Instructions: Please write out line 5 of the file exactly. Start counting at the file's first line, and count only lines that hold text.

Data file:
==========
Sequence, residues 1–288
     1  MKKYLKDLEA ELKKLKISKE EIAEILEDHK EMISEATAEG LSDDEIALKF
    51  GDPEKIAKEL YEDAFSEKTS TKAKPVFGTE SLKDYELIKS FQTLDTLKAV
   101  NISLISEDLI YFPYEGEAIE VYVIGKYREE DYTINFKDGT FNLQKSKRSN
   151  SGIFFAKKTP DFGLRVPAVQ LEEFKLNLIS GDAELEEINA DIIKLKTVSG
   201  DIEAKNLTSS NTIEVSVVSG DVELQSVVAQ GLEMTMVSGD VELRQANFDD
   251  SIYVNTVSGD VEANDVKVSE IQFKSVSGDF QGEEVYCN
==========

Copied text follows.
   151  SGIFFAKKTP DFGLRVPAVQ LEEFKLNLIS GDAELEEINA DIIKLKTVSG